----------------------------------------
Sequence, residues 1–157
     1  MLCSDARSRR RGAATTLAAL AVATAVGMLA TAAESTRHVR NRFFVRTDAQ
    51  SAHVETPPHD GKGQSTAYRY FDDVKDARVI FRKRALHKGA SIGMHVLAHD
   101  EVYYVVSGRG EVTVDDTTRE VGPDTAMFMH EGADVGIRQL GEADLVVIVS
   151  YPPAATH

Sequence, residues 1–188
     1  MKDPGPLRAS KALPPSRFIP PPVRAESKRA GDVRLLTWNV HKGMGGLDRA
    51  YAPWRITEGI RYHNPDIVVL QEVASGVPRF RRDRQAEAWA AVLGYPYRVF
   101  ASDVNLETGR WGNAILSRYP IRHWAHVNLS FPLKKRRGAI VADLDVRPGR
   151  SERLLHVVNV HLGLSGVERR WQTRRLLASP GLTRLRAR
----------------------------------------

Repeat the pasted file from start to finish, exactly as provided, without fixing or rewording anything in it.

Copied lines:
Sequence, residues 1–157
     1  MLCSDARSRR RGAATTLAAL AVATAVGMLA TAAESTRHVR NRFFVRTDAQ
    51  SAHVETPPHD GKGQSTAYRY FDDVKDARVI FRKRALHKGA SIGMHVLAHD
   101  EVYYVVSGRG EVTVDDTTRE VGPDTAMFMH EGADVGIRQL GEADLVVIVS
   151  YPPAATH

Sequence, residues 1–188
     1  MKDPGPLRAS KALPPSRFIP PPVRAESKRA GDVRLLTWNV HKGMGGLDRA
    51  YAPWRITEGI RYHNPDIVVL QEVASGVPRF RRDRQAEAWA AVLGYPYRVF
   101  ASDVNLETGR WGNAILSRYP IRHWAHVNLS FPLKKRRGAI VADLDVRPGR
   151  SERLLHVVNV HLGLSGVERR WQTRRLLASP GLTRLRAR